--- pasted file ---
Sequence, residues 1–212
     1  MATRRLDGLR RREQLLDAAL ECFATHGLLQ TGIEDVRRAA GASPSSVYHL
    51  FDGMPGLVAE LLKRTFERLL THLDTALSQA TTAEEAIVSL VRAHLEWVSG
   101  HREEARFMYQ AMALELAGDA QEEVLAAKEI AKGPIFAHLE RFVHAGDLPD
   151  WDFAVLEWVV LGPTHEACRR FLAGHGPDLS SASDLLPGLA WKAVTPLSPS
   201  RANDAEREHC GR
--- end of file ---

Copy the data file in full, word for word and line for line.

Sequence, residues 1–212
     1  MATRRLDGLR RREQLLDAAL ECFATHGLLQ TGIEDVRRAA GASPSSVYHL
    51  FDGMPGLVAE LLKRTFERLL THLDTALSQA TTAEEAIVSL VRAHLEWVSG
   101  HREEARFMYQ AMALELAGDA QEEVLAAKEI AKGPIFAHLE RFVHAGDLPD
   151  WDFAVLEWVV LGPTHEACRR FLAGHGPDLS SASDLLPGLA WKAVTPLSPS
   201  RANDAEREHC GR